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The difference between what someone can do with guidance and what they can do independently, guides the development of quality tasks
2. Social constructivism We construct our own understanding and knowledge of the world. When we encounter something new, we reconcile it with our previous ideas and experience, changing what we believe, or discarding the new information as irrelevant. Social constructivism views each learner as a unique individual with unique needs and backgrounds. (Wertsch 1997)
3. Prior knowledge Students come to formal education with a range of prior knowledge, skills, beliefs and concepts that significantly influence what they notice about the environment and how they organise and interpret it. This, in turn, affects their abilities to remember, reason, solve problems, and acquire new knowledge. When teachers pay attention to the knowledge and beliefs that learners bring to a learning task, they can use this knowledge as a starting point for new instruction, and monitor students’ changing conceptions as instruction proceeds. Bransford et al, 2000
The notion of “development” is perhaps the single most important concept in education. We use other terms to describe development – including growth, progress, learning, and improvement – but regardless of the term we use to describe it, the concept of individual development is the central idea underlying all teaching and learning.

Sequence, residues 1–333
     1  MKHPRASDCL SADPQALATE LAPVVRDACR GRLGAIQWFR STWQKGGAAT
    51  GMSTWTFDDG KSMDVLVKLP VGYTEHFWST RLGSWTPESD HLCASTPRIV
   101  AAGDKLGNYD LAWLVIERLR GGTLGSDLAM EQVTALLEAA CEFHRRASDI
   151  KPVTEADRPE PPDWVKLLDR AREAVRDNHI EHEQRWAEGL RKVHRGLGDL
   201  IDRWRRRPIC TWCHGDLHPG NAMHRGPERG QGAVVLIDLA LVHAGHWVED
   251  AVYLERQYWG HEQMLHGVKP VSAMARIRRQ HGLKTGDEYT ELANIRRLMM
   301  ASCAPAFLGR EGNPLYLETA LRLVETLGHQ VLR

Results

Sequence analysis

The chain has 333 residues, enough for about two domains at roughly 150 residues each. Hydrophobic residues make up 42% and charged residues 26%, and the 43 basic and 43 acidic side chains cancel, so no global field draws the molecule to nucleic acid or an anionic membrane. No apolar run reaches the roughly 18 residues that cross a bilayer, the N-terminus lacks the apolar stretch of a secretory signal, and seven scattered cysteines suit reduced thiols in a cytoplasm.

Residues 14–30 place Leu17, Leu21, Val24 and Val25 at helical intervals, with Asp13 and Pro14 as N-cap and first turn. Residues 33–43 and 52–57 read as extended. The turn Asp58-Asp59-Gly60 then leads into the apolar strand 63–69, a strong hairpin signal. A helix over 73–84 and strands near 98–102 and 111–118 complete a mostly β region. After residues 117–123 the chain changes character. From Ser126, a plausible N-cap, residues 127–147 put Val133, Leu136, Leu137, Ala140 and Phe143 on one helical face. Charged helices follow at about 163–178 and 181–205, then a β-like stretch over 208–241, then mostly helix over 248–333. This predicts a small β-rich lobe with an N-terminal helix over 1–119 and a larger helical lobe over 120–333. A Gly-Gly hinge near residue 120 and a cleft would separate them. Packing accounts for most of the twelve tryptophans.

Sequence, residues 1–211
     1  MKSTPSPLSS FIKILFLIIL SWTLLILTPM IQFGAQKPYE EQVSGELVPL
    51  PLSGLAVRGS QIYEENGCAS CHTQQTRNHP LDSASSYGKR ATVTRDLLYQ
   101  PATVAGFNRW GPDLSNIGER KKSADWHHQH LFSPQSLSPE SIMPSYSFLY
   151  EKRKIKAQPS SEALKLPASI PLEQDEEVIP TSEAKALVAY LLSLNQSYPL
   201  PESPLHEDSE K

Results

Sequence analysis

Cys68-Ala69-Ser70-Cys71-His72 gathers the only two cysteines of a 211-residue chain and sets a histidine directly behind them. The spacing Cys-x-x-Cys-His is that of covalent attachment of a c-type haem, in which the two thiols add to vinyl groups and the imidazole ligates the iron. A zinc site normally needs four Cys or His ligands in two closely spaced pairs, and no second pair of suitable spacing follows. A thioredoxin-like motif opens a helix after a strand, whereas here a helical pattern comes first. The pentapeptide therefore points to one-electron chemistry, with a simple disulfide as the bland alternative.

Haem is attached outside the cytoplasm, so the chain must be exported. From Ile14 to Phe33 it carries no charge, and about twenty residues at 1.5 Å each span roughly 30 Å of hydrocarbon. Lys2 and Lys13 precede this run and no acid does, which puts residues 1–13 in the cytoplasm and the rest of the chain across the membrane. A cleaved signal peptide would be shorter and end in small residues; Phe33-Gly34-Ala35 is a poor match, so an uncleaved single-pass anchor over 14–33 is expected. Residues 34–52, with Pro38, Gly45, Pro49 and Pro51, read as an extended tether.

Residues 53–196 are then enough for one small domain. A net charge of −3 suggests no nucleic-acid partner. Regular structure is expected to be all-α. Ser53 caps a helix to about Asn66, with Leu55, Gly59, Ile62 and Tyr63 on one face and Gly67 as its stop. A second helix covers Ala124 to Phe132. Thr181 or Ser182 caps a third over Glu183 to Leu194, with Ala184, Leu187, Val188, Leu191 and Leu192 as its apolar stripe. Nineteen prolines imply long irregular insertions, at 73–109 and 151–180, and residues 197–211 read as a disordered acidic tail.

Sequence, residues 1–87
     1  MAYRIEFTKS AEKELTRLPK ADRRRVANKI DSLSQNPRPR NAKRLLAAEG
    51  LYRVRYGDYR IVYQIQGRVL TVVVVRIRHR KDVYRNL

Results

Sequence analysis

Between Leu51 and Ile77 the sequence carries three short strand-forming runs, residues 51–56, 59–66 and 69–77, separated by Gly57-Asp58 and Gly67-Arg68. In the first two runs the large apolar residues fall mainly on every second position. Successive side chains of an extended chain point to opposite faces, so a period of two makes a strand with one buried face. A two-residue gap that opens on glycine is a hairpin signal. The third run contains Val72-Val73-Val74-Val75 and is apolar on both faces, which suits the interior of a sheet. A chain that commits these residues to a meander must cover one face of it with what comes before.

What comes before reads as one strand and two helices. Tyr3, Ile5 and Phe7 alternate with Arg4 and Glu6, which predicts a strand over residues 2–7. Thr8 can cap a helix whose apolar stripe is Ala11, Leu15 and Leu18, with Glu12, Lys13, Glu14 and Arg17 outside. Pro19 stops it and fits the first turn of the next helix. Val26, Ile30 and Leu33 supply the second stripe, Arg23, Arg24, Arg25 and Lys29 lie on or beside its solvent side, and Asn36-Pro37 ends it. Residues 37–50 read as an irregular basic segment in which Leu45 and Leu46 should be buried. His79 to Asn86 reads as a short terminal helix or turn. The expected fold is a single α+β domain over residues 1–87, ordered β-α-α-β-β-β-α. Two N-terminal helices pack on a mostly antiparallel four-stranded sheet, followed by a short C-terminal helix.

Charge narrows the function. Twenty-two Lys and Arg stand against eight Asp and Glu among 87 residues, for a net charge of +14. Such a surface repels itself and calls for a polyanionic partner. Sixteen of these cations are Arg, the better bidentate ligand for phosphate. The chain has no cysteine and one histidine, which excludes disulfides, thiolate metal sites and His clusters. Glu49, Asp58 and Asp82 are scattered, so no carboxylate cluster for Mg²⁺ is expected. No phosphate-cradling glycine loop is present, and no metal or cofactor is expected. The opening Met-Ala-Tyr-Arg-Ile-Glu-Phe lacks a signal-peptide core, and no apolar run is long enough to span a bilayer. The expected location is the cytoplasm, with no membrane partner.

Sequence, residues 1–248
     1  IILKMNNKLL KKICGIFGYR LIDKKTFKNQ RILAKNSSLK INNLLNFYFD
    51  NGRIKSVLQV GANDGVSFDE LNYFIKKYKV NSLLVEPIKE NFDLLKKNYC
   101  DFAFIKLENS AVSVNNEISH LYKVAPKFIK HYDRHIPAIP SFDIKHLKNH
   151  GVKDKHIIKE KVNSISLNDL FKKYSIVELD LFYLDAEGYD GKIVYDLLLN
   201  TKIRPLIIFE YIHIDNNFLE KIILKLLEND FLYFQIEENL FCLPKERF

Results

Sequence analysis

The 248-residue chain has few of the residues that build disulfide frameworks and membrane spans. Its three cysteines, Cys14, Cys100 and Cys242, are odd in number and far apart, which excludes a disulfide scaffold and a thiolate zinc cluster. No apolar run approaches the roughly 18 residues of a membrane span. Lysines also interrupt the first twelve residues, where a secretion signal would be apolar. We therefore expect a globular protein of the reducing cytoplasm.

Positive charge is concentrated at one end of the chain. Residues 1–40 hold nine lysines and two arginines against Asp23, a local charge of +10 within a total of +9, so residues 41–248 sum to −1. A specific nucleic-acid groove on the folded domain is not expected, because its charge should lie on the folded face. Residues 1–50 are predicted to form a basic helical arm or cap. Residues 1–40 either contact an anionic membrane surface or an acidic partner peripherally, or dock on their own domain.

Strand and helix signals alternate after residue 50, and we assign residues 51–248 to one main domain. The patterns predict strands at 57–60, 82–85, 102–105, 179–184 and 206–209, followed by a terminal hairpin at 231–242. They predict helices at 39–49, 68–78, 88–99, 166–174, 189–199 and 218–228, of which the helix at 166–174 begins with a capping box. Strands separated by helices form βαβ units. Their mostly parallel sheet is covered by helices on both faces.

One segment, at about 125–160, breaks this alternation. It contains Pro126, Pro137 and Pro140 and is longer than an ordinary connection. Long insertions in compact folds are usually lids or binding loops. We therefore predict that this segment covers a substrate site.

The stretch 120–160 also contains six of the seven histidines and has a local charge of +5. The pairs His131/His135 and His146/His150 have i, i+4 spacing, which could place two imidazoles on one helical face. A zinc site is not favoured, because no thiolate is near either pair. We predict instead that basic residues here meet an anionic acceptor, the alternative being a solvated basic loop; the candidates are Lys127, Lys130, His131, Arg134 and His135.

Masters, 1998, P3
Taking a data informed and evidence based approach to - knowing where students are at … - knowing the impact of teaching; the learning On Demand VELS NAPLAN 5. Triangulating Data
6. Differentiation In a differentiated classroom, the teacher proactively plans and carries out varied approaches to content, process and product in anticipation of and response to student differences in readiness, interest and learning needs. (Tomlinson, 2001, P7)
teaching with student variance in mind, starting where students are at rather than adopting a standardized approach to teaching that presumes all learners of a given age or grade are essentially alike
“ responsive” teaching rather than “one-size-fits-all”; a teacher proactively plans varied approaches to what students need to learn, how they will learn it, and/or how they can express what they have learned to increase the likelihood that each student will learn as much as they can
We must look deeply at what we do in class – everything from the warm-up, to class exercises, to homework. Is every task we offer meaningful? Is the purpose to become more literate, a deeper thinker and gain greater understanding? Or is the purpose simply to maintain order and control? Do we have the courage to re-examine our practices – our own thinking, leading and teaching?”
Plan how you will share your success in differentiating instruction by celebrating your student’s learning successes
0.73 effect size Feedback is information provided by an agent (teacher, peer, book, Parent, one’s own experiences) about aspects of one’s performance or understanding. (Hattie p.174) THANKS FOR YOUR PARTICIPATION! Reflection and Feedback